Today was the Pride Parade in London which marks 50 years since the decriminalisation of homosexuality. The city looked like a Lush shop had exploded; rainbow flags and glitter galore. As I sat on the tube I overheard a parent explaining to her two little girls why there was a man dressed in a PVC policeman outfit holding hands with a girl kitted out as Wonder Woman. ‘It’s for a Pride March’, she said, ‘people get dressed up and celebrate that people can love who they want’. I sat feeling pretty lucky that I’m in a country where I can overhear that on public transport.
I’m am ashamed to say that I judged a museum by its title. The Museum of English Rural Life (abbreviated to MERL) just doesn’t sound too exciting unless you have an unhealthy attraction to farm yards. I grew up in the countryside and my first word was ‘tractor’, you’d think I’d be the target audience; but I just wasn’t sold . . . it’s nice when your wrongly negative assumptions are blown away.
When you are in a foreign country and get a chance to visit a museum that gets very few overseas visitors you obviously take it. This is what I did with the Baoji Bronzeware Museum anyway.
Tokyo is a bubbling hot pot of culture. Not only is there the yearly blossom festivals and beautiful shrines, there are plenty of wonderful, interesting and sometimes just bizarre things to see and do. Want to drive a go cart around the city dressed as Mario, sure; Fancy a cuppa with an owl, standard; Want to see how many business men can squeeze on a train, that’s just daily phenomenon. If these things sound up your street, Tokyo is the place for you.
‘I actually think this might be better than the Natural History Museum in London’ . . . direct quote from my long suffering partner in crime who I drag around every museum going.
The world of Ghibli is just magical. Studio Ghibli creates incredible animations; it’s like Disney, but more in touch with nature and often a bit darker . . . and I love it! The Ghibli Museum has therefore been on my bucket list for a long time and there was no chance I was going to Tokyo and missing it.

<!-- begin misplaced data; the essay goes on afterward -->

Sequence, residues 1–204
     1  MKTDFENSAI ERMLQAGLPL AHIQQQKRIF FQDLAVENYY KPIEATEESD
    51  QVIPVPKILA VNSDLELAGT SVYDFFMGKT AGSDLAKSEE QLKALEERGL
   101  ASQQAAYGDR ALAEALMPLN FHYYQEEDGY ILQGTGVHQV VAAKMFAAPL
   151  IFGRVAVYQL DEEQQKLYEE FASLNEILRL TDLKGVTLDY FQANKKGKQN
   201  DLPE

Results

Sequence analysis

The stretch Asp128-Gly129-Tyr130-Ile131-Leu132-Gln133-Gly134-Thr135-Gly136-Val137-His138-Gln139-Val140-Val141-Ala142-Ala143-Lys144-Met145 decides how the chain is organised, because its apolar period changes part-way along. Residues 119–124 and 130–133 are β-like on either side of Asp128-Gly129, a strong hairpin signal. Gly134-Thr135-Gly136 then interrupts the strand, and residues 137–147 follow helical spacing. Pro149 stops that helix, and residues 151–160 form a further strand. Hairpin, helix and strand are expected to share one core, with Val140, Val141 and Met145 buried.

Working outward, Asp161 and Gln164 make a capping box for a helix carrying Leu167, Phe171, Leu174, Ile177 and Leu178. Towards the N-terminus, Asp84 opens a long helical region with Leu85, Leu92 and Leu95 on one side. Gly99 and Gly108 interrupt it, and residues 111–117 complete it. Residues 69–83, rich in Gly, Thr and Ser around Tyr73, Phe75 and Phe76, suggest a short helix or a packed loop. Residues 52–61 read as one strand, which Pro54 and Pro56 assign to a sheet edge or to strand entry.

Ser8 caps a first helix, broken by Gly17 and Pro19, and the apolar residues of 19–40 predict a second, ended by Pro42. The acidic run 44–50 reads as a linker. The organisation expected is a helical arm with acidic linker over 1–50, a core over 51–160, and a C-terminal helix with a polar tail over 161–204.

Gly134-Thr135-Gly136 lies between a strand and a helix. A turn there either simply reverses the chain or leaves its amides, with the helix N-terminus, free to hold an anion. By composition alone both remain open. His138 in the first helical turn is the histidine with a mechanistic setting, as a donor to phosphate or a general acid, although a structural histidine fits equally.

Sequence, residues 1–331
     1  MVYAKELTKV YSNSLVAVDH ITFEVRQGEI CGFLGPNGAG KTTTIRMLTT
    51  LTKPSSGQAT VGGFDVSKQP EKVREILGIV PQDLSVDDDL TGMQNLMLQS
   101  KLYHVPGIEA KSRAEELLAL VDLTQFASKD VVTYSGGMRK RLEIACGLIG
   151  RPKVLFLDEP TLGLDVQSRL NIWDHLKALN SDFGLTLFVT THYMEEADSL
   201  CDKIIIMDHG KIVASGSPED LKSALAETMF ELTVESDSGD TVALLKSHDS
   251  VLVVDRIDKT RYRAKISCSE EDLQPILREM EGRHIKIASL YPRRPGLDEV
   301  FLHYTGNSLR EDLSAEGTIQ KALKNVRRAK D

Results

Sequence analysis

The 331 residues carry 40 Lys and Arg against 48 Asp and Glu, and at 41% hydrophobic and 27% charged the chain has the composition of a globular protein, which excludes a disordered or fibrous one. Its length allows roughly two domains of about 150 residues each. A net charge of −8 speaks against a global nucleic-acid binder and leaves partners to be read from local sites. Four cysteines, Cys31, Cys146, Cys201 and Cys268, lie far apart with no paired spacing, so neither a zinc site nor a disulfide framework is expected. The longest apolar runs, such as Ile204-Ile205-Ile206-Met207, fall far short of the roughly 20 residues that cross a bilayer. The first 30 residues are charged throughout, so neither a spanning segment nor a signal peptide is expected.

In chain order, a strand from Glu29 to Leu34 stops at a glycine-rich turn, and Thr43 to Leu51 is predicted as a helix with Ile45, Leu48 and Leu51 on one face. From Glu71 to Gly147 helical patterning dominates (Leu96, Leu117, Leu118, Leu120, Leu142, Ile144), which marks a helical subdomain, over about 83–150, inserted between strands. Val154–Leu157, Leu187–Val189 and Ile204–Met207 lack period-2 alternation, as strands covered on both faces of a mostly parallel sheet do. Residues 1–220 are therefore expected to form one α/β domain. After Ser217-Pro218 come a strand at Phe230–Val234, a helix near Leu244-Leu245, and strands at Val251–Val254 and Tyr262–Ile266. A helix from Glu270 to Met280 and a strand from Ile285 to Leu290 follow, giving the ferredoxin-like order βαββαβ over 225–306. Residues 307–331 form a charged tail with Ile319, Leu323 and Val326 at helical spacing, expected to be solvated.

If I’d left my heart in Tokyo, it wouldn’t have been down by the river (don’t you know) . . . it would have been here.
I just really don’t like beer (sorry), but I do like museums. My partner in crime, loves beer but is probably sick of museum by now . . . this place was like the perfect compromise, and turned out to work surprisingly well in my favour as this museum received an “it’s pretty good here isn’t it” seal of approval.
It’s a tricky one to find without google maps as it’s on the 5th floor of an unassuming tower block; not where you expect to find a museum, but I guess kites traditionally hang out fairly high up.
Set in beautiful grounds that were dripping with cherry blossom, the Tokyo National Museum is a sprawling mass of culture. It boasts a collection of around 116,000 objects including 88 National Treasures and 634 Important Cultural Properties (as of March 2017). The regular galleries display 3,000 of these works at any one time . . . a formula for cultural overload and happy museum exhaustion.